What to buy
Brand Price
Dell XPS M1330 $1798
BenQ Joybook $1699
Toshiba Portege M800 $2310
Apple MacBook Air $2499

Results table

Full results for all models are shown in the table below

  Performance
Brand Overall (100%) Ease of use (50%) Battery life (30%) PCMark Vantage score Price RRP $
Dell XPS M1330
www.dell.com.au
78 81 69 3410 1798
BenQ Joybook X31-PE04
www.benq.com.au
73 75 68 2723 1699 [a]
Toshiba Portege M800
www.toshiba.com.au
73 76 66 3022 2310
Apple MacBook Air
www.apple.com.au
72 78 64 2030 [c] 2499
Lenovo Ideapad U110
www.lenovo.com.au
71 74 69 2003 2999
Sony Vaio TZ36GN/W
www.sony.com.au
71 79 70 927 2920 [a]
Twinhead J13S
www.twinhead.com.au
68 66 66 2737 1599
Pioneer DreamBook M72R
www.pioneercomputers.com.au
65 71 46 2931 1725
 


  Energy use Features
Brand Annual standby energy consumption (20h/d) (kWh/y) Annual active energy consumption (4h/d) (kWh/y) Annual energy cost ($) based on 4h/d Active +20h/d Standby USB ports Video out, position [b] Recovery disc supplied Recovery partition Card Reader, position [b]
Dell XPS M1330
www.dell.com.au
8 47 9.33 2 VGA, L; HDMI, L 8-in-1; F
BenQ Joybook X31-PE04
www.benq.com.au
6 40 7.92 3 VGA, L; HDMI, R 4-in-1; R
Toshiba Portege M800
www.toshiba.com.au
9 56 11.15 3 VGA, L [g] 6-in-1; F
Apple MacBook Air
www.apple.com.au
6 24 5.04 1 Mini-DVI, R
Lenovo Ideapad U110
www.lenovo.com.au
7 39 7.67 3 VGA, L 6-in-1; R
Sony Vaio TZ36GN/W
www.sony.com.au
10 21 5.23 2 VGA, R 2; F
Twinhead J13S
www.twinhead.com.au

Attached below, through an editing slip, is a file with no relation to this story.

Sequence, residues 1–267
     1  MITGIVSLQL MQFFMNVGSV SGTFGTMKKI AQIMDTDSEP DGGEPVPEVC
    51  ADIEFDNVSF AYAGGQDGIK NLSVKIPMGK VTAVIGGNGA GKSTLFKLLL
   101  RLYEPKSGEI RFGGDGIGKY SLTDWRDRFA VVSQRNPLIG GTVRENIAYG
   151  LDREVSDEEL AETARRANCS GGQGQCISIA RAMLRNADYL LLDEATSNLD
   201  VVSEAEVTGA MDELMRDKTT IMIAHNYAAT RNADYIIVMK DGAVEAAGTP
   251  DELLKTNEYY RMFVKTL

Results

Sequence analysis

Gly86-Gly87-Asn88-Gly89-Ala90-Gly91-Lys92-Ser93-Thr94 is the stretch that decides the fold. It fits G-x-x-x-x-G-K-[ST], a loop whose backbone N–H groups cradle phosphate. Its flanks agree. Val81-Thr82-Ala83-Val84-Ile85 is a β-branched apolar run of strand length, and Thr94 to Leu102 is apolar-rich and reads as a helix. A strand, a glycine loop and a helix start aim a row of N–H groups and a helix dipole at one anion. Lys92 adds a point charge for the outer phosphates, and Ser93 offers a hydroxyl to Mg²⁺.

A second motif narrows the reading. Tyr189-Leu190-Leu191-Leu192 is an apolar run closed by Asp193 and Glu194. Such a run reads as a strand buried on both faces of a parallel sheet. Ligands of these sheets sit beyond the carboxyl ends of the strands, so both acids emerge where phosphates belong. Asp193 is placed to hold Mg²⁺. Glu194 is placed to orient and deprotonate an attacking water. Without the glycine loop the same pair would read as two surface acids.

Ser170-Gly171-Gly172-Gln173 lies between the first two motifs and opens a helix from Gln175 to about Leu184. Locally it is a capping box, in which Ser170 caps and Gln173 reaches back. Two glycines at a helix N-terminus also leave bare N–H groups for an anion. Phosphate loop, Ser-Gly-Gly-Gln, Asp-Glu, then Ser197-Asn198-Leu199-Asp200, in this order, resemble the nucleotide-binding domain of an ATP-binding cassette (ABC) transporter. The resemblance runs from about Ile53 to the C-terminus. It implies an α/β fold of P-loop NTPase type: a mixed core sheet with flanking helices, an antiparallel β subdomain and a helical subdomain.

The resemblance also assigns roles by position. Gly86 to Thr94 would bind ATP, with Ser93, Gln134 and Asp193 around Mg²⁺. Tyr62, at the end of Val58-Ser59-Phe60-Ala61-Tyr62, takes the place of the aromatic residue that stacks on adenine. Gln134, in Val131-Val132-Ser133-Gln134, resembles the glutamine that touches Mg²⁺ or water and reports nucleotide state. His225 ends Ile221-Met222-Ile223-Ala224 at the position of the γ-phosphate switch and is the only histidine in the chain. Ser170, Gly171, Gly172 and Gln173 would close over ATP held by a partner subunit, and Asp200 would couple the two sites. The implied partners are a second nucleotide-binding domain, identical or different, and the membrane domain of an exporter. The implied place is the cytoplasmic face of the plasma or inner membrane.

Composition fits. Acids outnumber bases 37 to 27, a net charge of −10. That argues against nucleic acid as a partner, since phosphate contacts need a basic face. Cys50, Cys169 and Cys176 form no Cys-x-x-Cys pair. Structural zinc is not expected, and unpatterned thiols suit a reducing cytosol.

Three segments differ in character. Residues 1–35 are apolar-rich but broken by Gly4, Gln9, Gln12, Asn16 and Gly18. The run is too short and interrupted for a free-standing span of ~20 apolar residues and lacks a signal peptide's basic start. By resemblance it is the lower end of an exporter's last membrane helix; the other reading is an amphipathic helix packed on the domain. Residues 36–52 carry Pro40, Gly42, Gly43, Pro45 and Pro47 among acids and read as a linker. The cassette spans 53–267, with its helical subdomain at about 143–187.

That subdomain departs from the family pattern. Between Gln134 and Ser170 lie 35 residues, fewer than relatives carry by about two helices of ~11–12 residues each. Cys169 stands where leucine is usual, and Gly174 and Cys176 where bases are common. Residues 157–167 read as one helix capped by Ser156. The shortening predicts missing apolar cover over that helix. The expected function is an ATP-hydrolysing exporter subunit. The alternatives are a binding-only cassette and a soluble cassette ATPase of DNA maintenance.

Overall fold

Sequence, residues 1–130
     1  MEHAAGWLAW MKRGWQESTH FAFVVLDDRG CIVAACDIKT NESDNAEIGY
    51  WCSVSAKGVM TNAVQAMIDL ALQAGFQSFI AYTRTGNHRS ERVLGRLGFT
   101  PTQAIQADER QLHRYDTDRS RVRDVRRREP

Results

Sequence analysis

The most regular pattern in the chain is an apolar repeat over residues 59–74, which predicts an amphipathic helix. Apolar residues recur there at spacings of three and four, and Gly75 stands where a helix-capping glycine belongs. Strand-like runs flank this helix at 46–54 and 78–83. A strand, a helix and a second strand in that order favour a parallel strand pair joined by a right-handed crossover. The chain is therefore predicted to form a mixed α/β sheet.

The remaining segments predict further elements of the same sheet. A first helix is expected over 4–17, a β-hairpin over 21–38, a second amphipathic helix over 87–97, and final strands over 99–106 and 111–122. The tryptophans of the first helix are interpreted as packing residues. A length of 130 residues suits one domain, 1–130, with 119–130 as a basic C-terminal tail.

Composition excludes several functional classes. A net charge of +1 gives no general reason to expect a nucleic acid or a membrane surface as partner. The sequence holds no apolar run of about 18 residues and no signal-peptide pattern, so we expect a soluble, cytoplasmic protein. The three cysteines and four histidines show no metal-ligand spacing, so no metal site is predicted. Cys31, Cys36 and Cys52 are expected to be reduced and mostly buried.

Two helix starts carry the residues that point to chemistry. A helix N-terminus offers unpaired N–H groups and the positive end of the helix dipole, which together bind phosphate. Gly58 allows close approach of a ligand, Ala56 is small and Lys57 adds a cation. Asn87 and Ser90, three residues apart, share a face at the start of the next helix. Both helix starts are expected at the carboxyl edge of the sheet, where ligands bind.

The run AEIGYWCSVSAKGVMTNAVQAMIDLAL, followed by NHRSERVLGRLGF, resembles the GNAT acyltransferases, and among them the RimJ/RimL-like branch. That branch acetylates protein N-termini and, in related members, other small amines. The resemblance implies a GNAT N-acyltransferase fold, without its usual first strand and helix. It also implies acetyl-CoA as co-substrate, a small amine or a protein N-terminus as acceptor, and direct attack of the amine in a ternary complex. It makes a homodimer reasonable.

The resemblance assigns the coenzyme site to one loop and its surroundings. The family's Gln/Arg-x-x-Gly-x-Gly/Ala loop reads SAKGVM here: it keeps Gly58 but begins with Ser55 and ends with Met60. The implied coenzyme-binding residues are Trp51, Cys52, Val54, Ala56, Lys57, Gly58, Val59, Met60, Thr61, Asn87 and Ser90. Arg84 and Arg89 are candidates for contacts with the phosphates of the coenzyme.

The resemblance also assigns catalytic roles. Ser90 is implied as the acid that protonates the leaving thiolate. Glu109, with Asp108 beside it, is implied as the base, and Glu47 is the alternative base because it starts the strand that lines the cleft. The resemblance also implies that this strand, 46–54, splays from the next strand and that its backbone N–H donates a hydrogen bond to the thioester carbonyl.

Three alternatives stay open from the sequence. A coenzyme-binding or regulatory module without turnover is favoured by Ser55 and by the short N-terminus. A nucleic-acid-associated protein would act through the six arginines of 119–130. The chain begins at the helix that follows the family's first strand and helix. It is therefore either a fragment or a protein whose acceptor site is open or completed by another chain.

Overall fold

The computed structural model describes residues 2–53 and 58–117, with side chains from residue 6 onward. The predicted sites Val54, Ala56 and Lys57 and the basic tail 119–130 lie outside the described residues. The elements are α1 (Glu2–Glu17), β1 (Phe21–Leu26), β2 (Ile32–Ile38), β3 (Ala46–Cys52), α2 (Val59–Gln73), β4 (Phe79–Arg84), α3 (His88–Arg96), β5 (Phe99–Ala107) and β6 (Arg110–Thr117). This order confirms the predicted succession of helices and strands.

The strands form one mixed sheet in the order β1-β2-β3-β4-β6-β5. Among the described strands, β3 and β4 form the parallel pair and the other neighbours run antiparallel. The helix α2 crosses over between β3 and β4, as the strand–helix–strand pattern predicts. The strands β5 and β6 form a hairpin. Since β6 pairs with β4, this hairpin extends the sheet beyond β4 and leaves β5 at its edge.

11 35 7.82 3 VGA, L 4-in-1; F
Pioneer DreamBook M72R
www.pioneercomputers.com.au
10 54 10.85 3 VGA, L 7-in-1; L
 


  Features
Brand Antivirus, licence [d] Firewall, licence [d] Anti-spyware, licence [d] Operating system Warranty (years) [e] Warranty type [f]
Dell XPS M1330
www.dell.com.au
• (30 days) • (30 days) • (30 days) Vista Premium 1 Onsite
BenQ Joybook X31-PE04
www.benq.com.au
• (90 days) • (90 days) Vista Premium RTB, PnR
Toshiba Portege M800
www.toshiba.com.au
• (90 days) • (90 days) • (90 days) Vista Business [i] 3 PnR
Apple MacBook Air
www.apple.com.au
Mac OS X 10.5 1 RTB, PnR
Lenovo Ideapad U110
www.lenovo.com.au
• (90 days) • (90 days) Vista Premium 1 PnR
Sony Vaio TZ36GN/W
www.sony.com.au
• (90 days) • (90 days) • (90 days) Vista Business [i] 1 ns
Twinhead J13S
www.twinhead.com.au
Vista Premium ns
Pioneer DreamBook M72R
www.pioneercomputers.com.au
• (1 year) • (1 year) • (1 year) Vista Premium 1 RTB
 


  Specifications
Brand Weight including battery (kg) Weight of power supply and cordage (g) Unit dimensions (HxDxW) cm * Hard drive (GB) Optical drive [b] Processor type Screen size (in) Max. screen resolution Battery life (Hours:Minutes) heavy usage
Dell XPS M1330
www.dell.com.au
2 544 3.3 x 23.8 x 31.8 160 DL-DVD, R Intel Core 2 Duo 2.4 13.3 1280 x 800 2:42
BenQ Joybook X31-PE04
www.benq.com.au
1.9 420 2.5 x 22.9 x 32 250 DL-DVD, R Intel Core 2 Duo 1.6 13.3 1280 x 800 2:36
Toshiba Portege M800
www.toshiba.com.au
2 471 3.5 x 22.9 x 31.4 160 DL-DVD, R Intel Core 2 Duo 2.4 13.3 1280 x 800 2:29
Apple MacBook Air
www.apple.com.au
1.4 361 2.1 x 22.8 x 32.5 80 Intel Core 2 Duo 1.6 13.3 1280 x 800 2:20
Lenovo Ideapad U110
www.lenovo.com.au
1.1/1.3 335 2.2 x 19.6 x 27.5 250 DL-DVD, ext. Intel Core 2 Duo 1.6 11.1 1366 x 768 0:47/2:43
Sony Vaio TZ36GN/W
www.sony.com.au
1.2 330 2.9 x 19.8 x 27.7 100 DL-DVD-RAM, R Intel Core 2 Duo 1.2 11.1 1366 x 768 2:47
Twinhead J13S
www.twinhead.com.au